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Thursday, 10 May 1984
Page: 1931

Senator WATSON —My question is directed to the Minister representing the Minister for Defence. I ask: Is it a fact that most Royal Australian Air Force Mirage aircraft have exceeded the airframe safety standard in terms of flying hours as specified by their manufacturers? When questioned on the high number of accidents affecting Mirage aircraft, the Minister for Defence, Mr Scholes, replied that other countries had Mirages in service. In so doing, he overlooked two factors-the flying hours are not necessarily comparable and the other countries have more modern Mirage aircraft.

Senator GARETH EVANS —I suspect from Senator Watson's last comment that he is well aware of such information as I have from the Minister for Defence. But for the record, here it is. The hours flown by each Mirage pilot were: In 1981-82, 224; 1982-83, 194; and 1983-84, 209.

Senator Watson —I said the airframes.

Senator GARETH EVANS —The honourable senator was after the airframes?

Senator Watson —Yes.

Senator GARETH EVANS —The total number of Mirage hours flown by the aircraft, which probably only makes sense when one adds up the number of aircraft being flown, was 13,082 in 1982-83 and 13,280 in 1983-84. Willing as I always am to give honourable senators that sort of information, whether they want it or not, there it is. So far as crashes by Mirages are concerned, which is, I think, relevant to the question, there have been lots, but not an excessive number, I am told, by international standards. In 1975 there were zero; 1976, seven; 1977, two; 1978, one; 1979, one; 1980, two; 1981, two; 1982, zero; 1983, two; and in 1984, so far, there have been five. The Chief of Air Staff has, however, assured the Minister for Defence that aircraft are flown only if they meet strict airworthiness standards. Mirage losses have been 12.25 aircraft per 100,000 hours flown. I am told that this is comparable to or better than equivalent aircraft overseas. If in the middle of all that information Senator Watson has not had his request satisfied, as I suspect he has not, I shall do my best to ensure that he is so satisfied by the Minister as soon as I can.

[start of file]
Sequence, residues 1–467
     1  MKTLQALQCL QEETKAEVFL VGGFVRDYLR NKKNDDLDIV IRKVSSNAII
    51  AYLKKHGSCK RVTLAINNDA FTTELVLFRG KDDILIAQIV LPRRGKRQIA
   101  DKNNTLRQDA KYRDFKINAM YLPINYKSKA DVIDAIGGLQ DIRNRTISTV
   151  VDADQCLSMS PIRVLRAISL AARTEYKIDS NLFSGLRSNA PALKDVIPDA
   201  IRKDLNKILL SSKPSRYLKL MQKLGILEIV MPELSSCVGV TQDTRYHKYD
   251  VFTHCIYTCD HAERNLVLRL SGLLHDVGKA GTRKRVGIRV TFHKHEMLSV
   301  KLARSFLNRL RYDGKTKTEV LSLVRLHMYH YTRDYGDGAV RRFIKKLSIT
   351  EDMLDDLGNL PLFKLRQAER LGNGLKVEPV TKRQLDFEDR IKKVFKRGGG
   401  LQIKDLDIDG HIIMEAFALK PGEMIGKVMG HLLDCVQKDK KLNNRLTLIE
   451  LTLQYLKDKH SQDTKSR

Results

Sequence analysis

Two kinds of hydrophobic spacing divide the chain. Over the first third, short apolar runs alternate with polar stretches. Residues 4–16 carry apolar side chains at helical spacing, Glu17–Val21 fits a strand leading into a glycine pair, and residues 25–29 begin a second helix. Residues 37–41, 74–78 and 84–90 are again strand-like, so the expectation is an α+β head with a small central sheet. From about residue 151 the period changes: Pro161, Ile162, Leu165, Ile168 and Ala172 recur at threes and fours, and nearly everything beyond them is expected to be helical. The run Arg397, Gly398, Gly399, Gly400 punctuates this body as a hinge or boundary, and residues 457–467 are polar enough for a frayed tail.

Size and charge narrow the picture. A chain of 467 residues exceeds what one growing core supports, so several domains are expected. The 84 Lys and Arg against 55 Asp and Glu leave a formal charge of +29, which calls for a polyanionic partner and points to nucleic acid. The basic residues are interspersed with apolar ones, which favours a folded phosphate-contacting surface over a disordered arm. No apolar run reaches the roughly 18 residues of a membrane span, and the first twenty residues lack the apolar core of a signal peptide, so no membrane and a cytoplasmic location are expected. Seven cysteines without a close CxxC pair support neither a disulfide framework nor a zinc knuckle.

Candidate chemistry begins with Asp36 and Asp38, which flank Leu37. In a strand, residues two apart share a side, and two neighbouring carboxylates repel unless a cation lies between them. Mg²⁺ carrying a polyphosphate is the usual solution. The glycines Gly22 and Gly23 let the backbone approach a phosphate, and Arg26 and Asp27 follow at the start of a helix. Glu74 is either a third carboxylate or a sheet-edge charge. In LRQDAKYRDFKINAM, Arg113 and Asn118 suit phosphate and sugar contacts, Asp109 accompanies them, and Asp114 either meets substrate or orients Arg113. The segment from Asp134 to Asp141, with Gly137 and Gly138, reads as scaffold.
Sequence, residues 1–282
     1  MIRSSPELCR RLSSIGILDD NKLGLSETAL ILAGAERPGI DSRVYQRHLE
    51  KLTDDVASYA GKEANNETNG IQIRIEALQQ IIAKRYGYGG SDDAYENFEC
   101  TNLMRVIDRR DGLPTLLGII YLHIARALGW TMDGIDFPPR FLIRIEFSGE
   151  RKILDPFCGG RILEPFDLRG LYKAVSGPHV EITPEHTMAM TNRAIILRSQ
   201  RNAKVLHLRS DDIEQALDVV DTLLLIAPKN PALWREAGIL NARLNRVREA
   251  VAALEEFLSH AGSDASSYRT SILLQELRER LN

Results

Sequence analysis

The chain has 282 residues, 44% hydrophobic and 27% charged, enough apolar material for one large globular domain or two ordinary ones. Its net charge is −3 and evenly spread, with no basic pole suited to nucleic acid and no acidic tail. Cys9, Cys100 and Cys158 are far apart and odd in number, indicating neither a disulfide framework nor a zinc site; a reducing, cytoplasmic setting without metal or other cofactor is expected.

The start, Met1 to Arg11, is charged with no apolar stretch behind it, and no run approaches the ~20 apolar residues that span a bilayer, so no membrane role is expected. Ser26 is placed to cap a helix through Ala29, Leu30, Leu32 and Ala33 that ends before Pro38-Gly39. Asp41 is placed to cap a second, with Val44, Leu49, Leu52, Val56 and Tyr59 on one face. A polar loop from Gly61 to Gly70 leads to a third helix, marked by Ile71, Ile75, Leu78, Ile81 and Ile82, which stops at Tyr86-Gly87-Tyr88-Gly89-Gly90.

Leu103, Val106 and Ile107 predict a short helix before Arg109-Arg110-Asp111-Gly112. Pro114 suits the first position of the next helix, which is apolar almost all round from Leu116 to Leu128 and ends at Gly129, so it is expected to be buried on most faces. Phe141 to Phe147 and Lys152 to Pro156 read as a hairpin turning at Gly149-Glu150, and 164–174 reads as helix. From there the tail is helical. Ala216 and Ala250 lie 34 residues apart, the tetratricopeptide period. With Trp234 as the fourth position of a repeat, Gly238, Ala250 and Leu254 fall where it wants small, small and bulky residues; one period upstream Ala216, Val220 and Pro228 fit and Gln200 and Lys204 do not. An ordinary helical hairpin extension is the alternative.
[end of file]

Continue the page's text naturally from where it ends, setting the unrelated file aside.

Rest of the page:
Senator WATSON —I ask a supplementary question, Mr President. If the Minister reads the Hansard he will note that I was not referring to the ability of the pilots but, rather, to the airframe of the aircraft. Perhaps the Minister will consider the question and give me a reply at a later date.

Senator GARETH EVANS —I have acknowledged that there is a difference. Even I, with my inability to appreciate the finer points, can distinguish between an aircraft and a pilot. I am perfectly happy to find the information for Senator Watson and to advise him accordingly.